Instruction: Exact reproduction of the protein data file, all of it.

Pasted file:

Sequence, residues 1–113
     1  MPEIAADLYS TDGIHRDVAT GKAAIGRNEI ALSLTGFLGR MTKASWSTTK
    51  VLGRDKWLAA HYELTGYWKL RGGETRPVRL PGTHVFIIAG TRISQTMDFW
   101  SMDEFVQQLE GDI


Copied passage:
Sequence, residues 1–113
     1  MPEIAADLYS TDGIHRDVAT GKAAIGRNEI ALSLTGFLGR MTKASWSTTK
    51  VLGRDKWLAA HYELTGYWKL RGGETRPVRL PGTHVFIIAG TRISQTMDFW
   101  SMDEFVQQLE GDI